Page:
The SHARC team selected an airliner-style plane, the NASA DC-8 based out of Armstrong Flight Research Center, to carry out their observations. But there was a major problem – the DC-8 was due to have an engine replaced before their trip. However, the maintenance facility was shut down because of the pandemic. The aircraft wasn’t going to be ready in time for the mission.

“We ended up scrambling. And where we settled was that we were going to use two of NASA’s Gulfstream III aircrafts,” Inman said. “But it meant we had to redo everything. All of our plans, all the engineering and analysis.”

The Gulfstream III is much smaller than the DC-8. The gimbals – specially engineered mounts used to secure scientific instruments in the aircraft – didn’t fit the smaller cabins and had to be completely redesigned and rebuilt. The mission computers were also too big. Dr. Inman had to order NASA-approved laptops – a relatively small purchase, but one that can take months to be approved.

Making matters worse, the scientific instruments used to observe the sample return capsule couldn’t ‘see’ through the Gulfstream III jets’ windows – no UV light could pass through them, and their multiple panes would have resulted in images with multiple reflections.

“We ended up borrowing some aircraft windows and window frames, like the actual hardware that got epoxied into the airframes,” said Inman. “We borrowed those from Armstrong, some of them, and had to fabricate additional windows and frames using Armstrong’s design.”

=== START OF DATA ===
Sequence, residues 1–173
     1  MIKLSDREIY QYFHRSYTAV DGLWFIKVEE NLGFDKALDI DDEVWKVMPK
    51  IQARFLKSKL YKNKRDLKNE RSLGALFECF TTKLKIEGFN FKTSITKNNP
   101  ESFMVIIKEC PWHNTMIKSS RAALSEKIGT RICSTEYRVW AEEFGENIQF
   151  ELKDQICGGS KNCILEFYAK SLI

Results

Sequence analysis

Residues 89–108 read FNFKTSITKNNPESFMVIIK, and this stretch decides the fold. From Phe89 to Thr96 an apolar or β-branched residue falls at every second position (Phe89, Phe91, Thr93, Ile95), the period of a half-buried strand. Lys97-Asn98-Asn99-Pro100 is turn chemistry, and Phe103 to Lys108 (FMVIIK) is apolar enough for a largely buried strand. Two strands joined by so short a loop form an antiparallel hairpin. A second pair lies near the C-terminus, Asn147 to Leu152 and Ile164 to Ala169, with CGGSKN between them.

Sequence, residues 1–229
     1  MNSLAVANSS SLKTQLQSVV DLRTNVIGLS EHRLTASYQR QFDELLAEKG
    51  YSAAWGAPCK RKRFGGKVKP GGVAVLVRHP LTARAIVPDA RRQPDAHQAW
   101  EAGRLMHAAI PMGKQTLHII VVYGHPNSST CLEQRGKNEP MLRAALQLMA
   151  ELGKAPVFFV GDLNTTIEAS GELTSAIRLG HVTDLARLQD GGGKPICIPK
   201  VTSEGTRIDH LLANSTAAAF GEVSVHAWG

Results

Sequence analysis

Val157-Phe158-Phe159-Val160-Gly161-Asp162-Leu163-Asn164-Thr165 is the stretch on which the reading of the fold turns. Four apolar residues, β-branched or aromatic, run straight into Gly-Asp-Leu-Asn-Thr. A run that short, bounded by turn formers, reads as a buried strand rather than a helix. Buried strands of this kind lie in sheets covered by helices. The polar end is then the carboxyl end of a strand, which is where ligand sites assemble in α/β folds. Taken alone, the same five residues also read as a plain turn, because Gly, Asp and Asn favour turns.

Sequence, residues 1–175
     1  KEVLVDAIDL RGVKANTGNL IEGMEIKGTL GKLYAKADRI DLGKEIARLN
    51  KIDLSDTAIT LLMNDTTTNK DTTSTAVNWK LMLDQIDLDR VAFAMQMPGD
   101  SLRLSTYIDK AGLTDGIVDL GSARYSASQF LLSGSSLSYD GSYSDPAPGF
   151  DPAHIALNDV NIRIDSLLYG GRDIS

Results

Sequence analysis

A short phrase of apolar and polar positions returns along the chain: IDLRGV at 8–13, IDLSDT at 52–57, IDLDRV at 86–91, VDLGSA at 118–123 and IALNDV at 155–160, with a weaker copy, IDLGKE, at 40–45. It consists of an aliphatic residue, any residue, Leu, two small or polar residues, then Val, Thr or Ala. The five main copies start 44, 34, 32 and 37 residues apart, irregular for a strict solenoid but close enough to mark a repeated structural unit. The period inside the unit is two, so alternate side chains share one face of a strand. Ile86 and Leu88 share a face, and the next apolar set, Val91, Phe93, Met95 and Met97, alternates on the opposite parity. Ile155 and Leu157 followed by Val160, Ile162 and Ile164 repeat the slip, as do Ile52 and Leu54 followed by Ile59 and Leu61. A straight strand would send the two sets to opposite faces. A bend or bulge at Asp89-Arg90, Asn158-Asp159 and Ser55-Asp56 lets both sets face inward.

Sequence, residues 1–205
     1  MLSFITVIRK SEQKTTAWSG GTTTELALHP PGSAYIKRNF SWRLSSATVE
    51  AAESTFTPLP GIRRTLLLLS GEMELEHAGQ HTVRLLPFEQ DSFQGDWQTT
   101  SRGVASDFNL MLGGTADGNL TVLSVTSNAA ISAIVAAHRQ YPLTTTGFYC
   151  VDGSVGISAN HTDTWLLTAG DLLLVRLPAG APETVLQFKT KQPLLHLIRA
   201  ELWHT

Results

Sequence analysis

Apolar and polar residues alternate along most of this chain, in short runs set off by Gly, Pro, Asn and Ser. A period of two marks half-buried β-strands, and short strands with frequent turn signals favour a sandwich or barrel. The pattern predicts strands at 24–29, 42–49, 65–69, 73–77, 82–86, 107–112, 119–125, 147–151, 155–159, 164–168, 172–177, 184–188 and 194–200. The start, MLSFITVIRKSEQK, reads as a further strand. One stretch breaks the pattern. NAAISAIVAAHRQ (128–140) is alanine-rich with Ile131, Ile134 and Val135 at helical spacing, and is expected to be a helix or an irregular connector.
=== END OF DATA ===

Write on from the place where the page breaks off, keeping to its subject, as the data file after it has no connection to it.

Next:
SHARC scientists Ron Dantowitz (left) and Zev Hoover (right) of MARS, Scientific, Inc., prepare an optical window for integration with one of the NASA Gulfstream G-III aircraft prior to deployment to South Australia. Credit: NASA

Pandemic restrictions were difficult for collaborators from Japan, too. During normal times, JAXA colleagues would have come to the U.S. to integrate their scientific instruments into the aircraft and perform system checks on their equipment. They ended up having to ship their equipment to Johnson Space Center, in Houston, where they entrusted a NASA team with those tasks. The next time JAXA scientists got to see their equipment again would be in Australia.

And all of this happened before even leaving the U.S. Getting the research planes and essential personnel to Australia in time for the mission were also huge hurdles.

In addition to visa requirements, the team needed special authorization to enter Australia and to travel across internal, police-controlled borders. The rapidly changing situation meant that travel regulations weren’t well-defined, particularly for the NASA aircraft that needed to make several international fuel stops along their route to Australia. Initially, the team didn’t know what types of COVID-19 tests would be accepted or where they could obtain them.